This issue of Teacher Plus brings those crayons, paints, and various other tangible and intangible tools of art-making out of the closet for closer examination. What do these tools and the process they embody do to and for us? What, indeed, is the place – or utility – of Art (with a capital A) in our schools, or indeed, in education as a whole? We may all agree that Art is an intrinsic part of human development, and this belief is written into education policy in different ways, but how is this to be implemented in schools, particularly with the current emphasis on learning that is instrumental and job-oriented, with the focus being on the acquisition of specific skills that can make one a good “human resource”?
The essays in this issue all are in agreement with the idea that Art has a role to play. There is some variation in how this role is to play out within the school space, and this diversity in views is to be welcomed. While some contributors have emphasized the ways in which Art becomes a path to understanding other subjects, or how it develops certain sensibilities that can serve the broader aims of education, one or two have taken a slightly different track, asking us to instead reject the instrumental view and accept Art simply for what it is – and simply because it is that which it is.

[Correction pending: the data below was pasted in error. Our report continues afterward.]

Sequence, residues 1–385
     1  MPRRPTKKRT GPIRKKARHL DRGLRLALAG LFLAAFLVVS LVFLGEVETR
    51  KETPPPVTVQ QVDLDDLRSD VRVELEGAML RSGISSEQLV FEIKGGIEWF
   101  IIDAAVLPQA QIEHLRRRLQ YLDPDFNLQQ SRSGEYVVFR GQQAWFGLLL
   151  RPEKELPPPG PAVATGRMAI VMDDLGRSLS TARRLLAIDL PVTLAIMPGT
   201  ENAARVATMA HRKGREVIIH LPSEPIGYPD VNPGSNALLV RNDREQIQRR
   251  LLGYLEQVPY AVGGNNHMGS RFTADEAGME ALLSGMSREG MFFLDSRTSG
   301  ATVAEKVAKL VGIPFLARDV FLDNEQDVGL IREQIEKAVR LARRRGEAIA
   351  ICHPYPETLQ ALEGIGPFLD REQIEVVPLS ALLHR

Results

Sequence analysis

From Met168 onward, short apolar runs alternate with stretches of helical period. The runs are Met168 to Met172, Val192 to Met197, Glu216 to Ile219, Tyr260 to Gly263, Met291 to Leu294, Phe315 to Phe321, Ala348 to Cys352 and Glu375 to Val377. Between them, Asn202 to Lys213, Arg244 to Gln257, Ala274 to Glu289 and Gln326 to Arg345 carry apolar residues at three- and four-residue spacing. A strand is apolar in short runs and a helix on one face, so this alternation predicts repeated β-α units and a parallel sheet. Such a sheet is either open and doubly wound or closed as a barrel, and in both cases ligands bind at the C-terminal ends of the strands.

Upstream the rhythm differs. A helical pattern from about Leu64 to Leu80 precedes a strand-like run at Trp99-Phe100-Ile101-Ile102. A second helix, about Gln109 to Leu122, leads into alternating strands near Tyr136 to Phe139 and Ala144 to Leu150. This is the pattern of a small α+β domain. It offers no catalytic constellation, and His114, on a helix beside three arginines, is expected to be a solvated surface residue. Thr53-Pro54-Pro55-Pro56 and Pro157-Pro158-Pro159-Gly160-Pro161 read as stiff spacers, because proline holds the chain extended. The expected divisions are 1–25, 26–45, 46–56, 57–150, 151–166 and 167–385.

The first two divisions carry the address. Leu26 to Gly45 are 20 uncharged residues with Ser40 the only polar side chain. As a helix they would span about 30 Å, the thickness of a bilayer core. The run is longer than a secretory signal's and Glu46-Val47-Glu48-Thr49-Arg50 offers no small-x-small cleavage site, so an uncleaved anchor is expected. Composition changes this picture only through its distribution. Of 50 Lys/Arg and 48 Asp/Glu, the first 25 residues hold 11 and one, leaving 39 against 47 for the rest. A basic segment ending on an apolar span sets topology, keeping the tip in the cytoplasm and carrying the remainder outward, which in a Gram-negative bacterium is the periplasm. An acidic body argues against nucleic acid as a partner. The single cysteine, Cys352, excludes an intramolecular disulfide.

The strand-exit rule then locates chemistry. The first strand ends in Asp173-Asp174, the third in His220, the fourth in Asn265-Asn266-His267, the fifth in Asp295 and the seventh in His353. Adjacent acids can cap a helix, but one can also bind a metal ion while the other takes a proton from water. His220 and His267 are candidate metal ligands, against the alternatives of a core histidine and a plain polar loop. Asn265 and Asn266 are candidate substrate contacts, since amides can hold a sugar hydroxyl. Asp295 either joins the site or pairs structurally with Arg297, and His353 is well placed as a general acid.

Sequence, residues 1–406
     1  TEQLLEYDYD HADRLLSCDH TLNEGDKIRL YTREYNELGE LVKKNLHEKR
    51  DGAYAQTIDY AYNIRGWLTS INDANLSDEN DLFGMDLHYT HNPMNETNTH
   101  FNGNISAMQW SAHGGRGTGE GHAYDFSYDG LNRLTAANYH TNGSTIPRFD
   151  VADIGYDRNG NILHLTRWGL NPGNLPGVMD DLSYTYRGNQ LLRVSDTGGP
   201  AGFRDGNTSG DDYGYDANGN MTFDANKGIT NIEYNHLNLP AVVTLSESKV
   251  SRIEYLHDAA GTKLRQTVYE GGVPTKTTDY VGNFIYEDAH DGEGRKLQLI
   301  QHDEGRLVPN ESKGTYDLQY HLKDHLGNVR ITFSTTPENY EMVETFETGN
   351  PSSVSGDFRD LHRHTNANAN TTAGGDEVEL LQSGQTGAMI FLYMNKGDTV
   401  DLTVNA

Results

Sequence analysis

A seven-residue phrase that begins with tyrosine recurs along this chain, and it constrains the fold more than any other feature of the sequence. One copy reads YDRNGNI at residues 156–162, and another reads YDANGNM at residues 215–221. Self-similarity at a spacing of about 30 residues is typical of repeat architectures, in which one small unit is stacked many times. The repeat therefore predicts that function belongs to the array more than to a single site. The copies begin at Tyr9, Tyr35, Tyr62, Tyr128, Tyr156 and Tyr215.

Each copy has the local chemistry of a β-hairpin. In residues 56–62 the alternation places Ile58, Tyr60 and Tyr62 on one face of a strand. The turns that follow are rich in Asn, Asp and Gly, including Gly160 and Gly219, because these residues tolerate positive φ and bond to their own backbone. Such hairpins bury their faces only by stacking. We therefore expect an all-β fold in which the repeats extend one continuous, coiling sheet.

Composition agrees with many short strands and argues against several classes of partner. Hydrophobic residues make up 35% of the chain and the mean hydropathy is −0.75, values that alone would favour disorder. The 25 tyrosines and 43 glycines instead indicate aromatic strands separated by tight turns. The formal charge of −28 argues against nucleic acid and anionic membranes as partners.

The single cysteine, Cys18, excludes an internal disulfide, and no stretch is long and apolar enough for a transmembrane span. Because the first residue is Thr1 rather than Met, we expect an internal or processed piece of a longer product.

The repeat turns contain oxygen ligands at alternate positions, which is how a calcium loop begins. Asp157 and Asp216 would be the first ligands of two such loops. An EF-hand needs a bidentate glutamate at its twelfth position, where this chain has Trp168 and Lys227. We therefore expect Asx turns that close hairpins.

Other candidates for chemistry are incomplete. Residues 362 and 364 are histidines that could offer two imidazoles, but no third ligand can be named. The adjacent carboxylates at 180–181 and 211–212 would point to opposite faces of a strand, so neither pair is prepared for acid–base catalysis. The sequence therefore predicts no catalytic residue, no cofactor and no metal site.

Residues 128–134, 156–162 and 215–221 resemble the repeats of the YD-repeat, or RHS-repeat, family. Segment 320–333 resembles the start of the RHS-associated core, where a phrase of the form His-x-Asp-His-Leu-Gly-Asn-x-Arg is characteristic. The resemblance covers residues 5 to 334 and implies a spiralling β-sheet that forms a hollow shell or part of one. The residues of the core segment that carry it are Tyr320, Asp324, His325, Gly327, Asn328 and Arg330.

To make the case for Art we often have to resort to the instrumentalist argument, and perhaps it is also a way to retain a space for the arts in the increasingly busy school curriculum. But for teachers of art there is always this negotiation between its instrumental value and its intrinsic value. How do we talk about the joy of taking a walk and justify the time we spend wandering without linking it to some outcome, such as the health or psychological benefit of exercise? How do we sell the simple joys of colouring or painting without linking it to a calming meditative practice? How do we make space for children to run around in wild abandon, playing with drama and dance, and getting comfortable in their skins and bodies without always linking it to the importance of developing mind-body coordination?
Teachers of art in all its forms know that for them, the argument is superfluous; that Art is important because it is Art. But as long as justification is required, then I suppose one must also have the words ready for that justification – and there’s no doubt that Art does also serve a variety of extrinsic purposes, as our contributors very eloquently have pointed out.
So here’s to celebrating the arts, in all their variety, simply because they exist!